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For weeks, Barack Obama’s campaign has had a mantra: “Do the math.” The message here is that, however close the national polls are between the president and Mitt Romney, the Republican candidate, surveys in battleground states still give the incumbent sufficient advantage to win the 270 electoral college votes needed to stay in the White House.
That is all that counts, even if he loses the total national vote – which is, at least, a possibility. “Obama is the clear favourite in a markedly close and competitive contest,” says Thomas Mann, a political analyst at the Brookings Institution, a Washington-based think-tank. “This is largely as a result of the steady lead he has enjoyed in swing states.”
Tuesday will show if the math adds up. Barring the utterly unexpected, Mr Obama is assured of carrying the west coast and the eastern seaboard north of Virginia, with the possible exception of New Hampshire, site of one of Mr Romney’s several homes.
The challenger is pretty much guaranteed the Deep South, Texas and swaths of the Midwestern heartland. That leaves the identity of the next president in the hands of just nine states. They are Nevada and Colorado in the Rocky Mountains; Ohio, Wisconsin and Iowa in the mostly industrial Midwest; Florida, home to many pensioners and Hispanics; neighbouring southern states Virginia and North Carolina; and tiny northeastern New Hampshire.
Everybody knows no Republican has become president without Ohio. But if there is a last-minute surge towards Mr Romney – like that which carried Ronald Reagan to a landslide victory over Jimmy Carter in 1980, after national polls showed them tied with a week to go – other states could be in play. The Romney camp claims these would include Pennsylvania, Michigan and Minnesota, where the Republican’s campaign has embarked on a last-minute advertising blitz.
It is generally agreed that there are more ways for Mr Obama than for Mr Romney to reach 270. He could even compensate for losing Ohio by winning five of the smaller battleground states, all of which he carried in 2008. By the same token, if Mr Romney loses Ohio, he will need close to a clean sweep in the battlegrounds.
This makes voter turnout operations, known as the “ground game”, vital. The Obama campaign claims it has more boots on the ground than Mr Romney. But enthusiasm for the former, especially among the young, is patently lower than in 2008 and overall turnout is likely to be less than the 60 per cent achieved four years ago, which was high by recent standards. The after-effects of Hurricane Sandy could depress it further.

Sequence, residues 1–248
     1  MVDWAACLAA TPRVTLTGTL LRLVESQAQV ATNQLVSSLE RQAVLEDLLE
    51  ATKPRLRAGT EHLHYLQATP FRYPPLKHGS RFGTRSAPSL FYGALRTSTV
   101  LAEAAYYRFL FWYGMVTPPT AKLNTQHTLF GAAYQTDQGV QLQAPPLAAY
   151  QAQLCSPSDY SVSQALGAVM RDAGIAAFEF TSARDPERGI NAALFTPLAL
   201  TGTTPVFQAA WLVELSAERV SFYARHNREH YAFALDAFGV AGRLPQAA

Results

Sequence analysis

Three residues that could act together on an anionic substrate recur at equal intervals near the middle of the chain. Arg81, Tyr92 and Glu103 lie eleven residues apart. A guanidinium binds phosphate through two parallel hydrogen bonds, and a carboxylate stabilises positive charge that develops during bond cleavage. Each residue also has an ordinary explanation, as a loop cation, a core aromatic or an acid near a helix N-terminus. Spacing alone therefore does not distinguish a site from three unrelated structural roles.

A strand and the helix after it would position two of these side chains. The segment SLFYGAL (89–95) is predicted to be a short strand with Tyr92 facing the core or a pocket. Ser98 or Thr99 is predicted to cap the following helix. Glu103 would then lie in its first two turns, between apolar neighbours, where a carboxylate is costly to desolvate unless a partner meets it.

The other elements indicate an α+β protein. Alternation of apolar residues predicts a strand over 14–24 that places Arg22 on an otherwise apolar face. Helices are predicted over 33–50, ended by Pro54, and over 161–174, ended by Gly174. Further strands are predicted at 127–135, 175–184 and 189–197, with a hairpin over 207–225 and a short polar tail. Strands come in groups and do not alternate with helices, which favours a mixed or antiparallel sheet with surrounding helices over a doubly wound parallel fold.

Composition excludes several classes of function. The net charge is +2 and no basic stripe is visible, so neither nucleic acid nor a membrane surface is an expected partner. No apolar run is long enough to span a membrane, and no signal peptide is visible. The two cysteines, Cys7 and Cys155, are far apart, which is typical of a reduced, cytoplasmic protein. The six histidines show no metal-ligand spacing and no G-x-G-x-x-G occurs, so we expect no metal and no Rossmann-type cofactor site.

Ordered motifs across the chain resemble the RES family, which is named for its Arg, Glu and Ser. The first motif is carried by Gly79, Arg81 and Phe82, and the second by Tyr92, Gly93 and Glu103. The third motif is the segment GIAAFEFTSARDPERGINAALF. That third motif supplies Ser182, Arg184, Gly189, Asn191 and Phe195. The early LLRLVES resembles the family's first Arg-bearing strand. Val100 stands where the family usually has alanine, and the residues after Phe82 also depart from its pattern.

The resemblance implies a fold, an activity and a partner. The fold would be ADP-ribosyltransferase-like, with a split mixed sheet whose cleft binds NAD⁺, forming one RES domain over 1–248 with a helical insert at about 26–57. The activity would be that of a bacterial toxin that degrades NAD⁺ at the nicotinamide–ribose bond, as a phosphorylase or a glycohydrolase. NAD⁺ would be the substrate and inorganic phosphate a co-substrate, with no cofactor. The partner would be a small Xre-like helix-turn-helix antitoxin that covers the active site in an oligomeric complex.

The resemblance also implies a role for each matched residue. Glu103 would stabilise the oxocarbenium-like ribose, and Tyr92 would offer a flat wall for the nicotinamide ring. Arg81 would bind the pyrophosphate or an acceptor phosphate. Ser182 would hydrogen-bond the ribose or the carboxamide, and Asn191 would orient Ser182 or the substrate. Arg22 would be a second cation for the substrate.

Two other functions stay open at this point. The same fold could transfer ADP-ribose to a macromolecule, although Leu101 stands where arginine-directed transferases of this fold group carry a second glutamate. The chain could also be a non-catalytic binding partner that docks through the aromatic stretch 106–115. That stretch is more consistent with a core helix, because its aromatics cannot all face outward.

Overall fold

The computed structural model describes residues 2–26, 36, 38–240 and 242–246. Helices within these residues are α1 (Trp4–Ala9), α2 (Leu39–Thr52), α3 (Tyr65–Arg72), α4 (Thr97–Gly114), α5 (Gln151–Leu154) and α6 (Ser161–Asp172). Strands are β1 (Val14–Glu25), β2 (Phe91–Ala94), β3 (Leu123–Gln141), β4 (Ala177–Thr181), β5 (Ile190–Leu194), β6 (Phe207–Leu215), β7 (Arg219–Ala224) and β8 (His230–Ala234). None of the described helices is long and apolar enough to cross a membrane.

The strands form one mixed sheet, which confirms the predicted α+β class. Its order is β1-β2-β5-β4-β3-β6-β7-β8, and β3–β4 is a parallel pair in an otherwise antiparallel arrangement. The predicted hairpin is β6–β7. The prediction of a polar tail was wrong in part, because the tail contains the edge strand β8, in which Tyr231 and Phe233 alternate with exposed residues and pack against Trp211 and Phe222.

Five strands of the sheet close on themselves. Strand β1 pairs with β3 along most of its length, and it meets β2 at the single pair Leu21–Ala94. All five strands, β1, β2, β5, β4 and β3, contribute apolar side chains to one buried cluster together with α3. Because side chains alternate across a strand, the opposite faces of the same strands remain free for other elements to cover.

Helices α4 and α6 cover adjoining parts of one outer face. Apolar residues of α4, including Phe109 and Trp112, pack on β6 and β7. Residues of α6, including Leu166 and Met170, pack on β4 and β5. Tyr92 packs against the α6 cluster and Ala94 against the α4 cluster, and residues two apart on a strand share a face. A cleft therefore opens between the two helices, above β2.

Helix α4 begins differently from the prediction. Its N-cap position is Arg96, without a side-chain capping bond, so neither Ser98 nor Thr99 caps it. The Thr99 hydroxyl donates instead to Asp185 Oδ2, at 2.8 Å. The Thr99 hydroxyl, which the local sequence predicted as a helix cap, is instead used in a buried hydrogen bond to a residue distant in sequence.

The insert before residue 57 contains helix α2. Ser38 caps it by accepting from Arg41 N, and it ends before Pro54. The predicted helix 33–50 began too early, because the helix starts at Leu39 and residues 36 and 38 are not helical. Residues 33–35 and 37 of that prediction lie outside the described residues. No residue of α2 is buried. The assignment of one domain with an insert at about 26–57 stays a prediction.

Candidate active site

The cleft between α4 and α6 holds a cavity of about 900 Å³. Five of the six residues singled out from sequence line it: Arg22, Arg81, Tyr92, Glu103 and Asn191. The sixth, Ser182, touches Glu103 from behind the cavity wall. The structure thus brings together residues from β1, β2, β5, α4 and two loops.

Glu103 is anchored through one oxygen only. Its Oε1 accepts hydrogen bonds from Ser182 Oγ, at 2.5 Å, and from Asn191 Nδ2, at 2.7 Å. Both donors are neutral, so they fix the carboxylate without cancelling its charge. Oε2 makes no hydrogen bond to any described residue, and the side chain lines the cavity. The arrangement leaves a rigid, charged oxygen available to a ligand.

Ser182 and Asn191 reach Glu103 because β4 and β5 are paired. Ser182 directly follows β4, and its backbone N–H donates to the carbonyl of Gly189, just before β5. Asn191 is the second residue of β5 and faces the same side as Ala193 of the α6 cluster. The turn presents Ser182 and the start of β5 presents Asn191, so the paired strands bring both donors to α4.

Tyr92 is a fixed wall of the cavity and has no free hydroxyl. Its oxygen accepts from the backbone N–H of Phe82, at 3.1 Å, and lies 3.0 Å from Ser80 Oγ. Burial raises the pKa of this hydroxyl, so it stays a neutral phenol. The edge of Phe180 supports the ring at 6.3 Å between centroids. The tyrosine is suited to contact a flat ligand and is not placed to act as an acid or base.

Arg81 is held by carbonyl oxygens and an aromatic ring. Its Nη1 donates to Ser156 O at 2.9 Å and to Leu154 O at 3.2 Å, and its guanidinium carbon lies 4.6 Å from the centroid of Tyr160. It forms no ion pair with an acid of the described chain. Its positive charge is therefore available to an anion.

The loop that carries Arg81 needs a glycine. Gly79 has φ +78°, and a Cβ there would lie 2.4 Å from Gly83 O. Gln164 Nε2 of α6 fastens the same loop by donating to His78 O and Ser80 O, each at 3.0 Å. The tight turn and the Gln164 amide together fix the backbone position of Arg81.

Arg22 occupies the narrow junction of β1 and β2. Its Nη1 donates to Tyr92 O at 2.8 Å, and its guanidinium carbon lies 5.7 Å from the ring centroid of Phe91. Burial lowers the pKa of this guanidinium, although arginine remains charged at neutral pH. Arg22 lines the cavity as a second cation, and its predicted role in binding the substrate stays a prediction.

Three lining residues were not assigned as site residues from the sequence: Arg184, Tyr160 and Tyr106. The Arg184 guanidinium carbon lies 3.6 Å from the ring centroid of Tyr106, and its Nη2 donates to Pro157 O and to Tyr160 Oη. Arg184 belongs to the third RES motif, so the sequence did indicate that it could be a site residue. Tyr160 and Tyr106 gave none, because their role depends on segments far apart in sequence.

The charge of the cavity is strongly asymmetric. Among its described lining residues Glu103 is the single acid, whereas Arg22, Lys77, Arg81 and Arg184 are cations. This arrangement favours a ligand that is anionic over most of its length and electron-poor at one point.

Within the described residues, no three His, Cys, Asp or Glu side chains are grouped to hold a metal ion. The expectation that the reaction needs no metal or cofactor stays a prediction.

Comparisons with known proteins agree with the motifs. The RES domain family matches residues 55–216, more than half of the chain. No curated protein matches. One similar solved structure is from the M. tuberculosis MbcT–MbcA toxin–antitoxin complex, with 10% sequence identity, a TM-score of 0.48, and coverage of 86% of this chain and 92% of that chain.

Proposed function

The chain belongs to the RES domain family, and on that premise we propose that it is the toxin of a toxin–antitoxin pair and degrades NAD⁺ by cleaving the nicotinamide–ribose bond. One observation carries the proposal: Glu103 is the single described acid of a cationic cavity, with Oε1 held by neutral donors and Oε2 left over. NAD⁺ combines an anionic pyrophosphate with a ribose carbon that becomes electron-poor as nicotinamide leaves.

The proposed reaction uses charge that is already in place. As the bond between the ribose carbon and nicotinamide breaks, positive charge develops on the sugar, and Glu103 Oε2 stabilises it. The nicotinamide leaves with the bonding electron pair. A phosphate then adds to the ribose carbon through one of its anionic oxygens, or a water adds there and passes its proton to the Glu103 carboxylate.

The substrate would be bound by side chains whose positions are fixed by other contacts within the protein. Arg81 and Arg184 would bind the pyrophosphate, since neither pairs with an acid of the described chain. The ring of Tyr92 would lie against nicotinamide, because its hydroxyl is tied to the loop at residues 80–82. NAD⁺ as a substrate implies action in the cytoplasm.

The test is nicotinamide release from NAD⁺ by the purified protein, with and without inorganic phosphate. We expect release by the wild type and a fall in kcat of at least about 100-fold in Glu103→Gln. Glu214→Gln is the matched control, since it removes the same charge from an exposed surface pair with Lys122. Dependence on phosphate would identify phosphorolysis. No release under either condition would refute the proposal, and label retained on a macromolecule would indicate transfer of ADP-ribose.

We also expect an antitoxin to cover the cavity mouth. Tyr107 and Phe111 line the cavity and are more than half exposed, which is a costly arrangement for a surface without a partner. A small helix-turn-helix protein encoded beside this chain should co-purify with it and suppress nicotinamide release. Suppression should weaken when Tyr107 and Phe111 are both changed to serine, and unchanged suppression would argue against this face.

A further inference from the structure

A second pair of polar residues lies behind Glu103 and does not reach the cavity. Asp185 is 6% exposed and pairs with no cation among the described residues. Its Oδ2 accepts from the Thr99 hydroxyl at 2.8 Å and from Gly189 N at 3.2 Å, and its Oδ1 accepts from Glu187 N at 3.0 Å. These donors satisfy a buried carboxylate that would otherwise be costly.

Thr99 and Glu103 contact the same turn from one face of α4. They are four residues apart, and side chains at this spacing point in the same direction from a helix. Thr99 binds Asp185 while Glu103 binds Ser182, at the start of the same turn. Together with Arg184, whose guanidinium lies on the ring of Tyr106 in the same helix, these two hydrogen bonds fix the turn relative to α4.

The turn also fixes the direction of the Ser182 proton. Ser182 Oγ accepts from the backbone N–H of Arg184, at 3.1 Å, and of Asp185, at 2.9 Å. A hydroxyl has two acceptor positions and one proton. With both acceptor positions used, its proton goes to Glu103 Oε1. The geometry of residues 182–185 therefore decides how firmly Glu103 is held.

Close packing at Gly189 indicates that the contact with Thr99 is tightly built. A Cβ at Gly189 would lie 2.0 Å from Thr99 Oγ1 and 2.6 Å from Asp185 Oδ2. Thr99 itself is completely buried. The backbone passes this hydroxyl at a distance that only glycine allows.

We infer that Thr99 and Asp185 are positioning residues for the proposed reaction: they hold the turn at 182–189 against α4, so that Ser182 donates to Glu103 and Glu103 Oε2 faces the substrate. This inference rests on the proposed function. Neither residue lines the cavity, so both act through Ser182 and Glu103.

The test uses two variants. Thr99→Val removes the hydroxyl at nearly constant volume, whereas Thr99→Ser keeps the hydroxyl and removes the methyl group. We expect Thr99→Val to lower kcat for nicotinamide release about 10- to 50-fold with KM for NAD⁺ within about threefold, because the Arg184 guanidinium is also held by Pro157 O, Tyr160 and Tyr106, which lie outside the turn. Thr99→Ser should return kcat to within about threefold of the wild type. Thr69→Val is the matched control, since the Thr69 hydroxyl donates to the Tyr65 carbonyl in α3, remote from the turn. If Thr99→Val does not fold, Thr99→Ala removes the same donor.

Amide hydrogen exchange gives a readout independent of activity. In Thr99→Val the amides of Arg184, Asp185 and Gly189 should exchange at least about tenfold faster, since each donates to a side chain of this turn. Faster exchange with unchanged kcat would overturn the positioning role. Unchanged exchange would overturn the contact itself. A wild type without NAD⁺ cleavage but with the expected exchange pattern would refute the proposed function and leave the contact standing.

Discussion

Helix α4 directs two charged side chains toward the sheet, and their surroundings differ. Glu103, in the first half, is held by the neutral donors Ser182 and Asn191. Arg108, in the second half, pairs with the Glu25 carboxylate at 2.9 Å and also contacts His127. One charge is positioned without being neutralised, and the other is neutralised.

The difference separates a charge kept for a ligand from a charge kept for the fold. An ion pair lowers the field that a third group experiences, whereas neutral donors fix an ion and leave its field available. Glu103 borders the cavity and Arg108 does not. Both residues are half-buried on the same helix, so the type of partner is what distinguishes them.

THE EVENING UNFOLDS
This could be a far longer night than in 2008, when the networks declared Mr Obama president by 9.30pm. Even in important states where the polls close early, such as Ohio and Virginia, it may be hours before results are known. Remember Florida in 2000, when the call for Al Gore over George W. Bush was reversed in the wee small hours, and only “resolved” by the Supreme Court a full month later.
7pmPolls close in five states with 60 electoral college votes (all times are eastern standard time)
The big one is Virginia, carried by Mr Obama four years ago. It also has a hotly contested Senate race between two former governors, Democrat Tim Kaine and Republican George Allen. In Indiana, Mr Obama scored a victory in 2008 – an unlikely one, given that it had voted Republican every time since 1964. Again, a tight Senate race for the seat long held by moderate Republican Dick Lugar, defeated in his party’s primary by Tea Party adherent Richard Mourdock, could produce a bigger than expected turnout, helping the Democrat.
7.30pm Three states with 38 votes
The mother of all battles is Ohio. Indeed, the whole campaign seems to have been waged there. But North Carolina, very much of the Deep South but with a long progressive strain in the academic triangle around state capital Raleigh, also features. Mr Obama won it narrowly four years ago but would do well to repeat this time. If he does, he will be set fair.
8pm Seventeen states with 172 votes
The largest haul in one hour. The biggest single prize is Florida, perhaps Mr Romney’s best early hope of a significant gain. The Hispanic population, its Cuban element once solidly Republican, is now more diverse; its heavy concentration of pensioners worries about healthcare and social security. At least half a dozen states suffered from hurricane Sandy, to the point that the ability to vote may be affected. Illinois, which Mr Obama calls home, looks safe for the president; if it is close, he may be in trouble. Arkansas polls close at 8.30pm. Former president Bill Clinton’s magic no longer works here; the state of his birth leans Republican.
9pm Thirteen states with 153 votes
The behemoths are New York and Texas. The first will go to the Democrats and the second to the Republicans, no questions asked. However, there is much to play for in Colorado and Wisconsin. Even Michigan and Minnesota, and conceivably unpredictable Arizona and New Mexico, bear watching.
10pm Four states with 21 votes
Two are real battlegrounds – Iowa and Nevada, as different as chalk and cheese with their respective cornfields and casinos. The Hispanic population has grown rapidly in Iowa, while Nevada almost depends on Latinos to function. Getting out their vote is vital for Mr Obama.
11pm Six states with 85 votes
California is an easy call for the president, as are, probably, Washington and Oregon up the coast and his birthplace of Hawaii, out in the Pacific Ocean. Idaho and North Dakota are rock-ribbed Republican.
1am One state with three votes
If the national outcome depends on Alaska, Mr Romney will be the next president.
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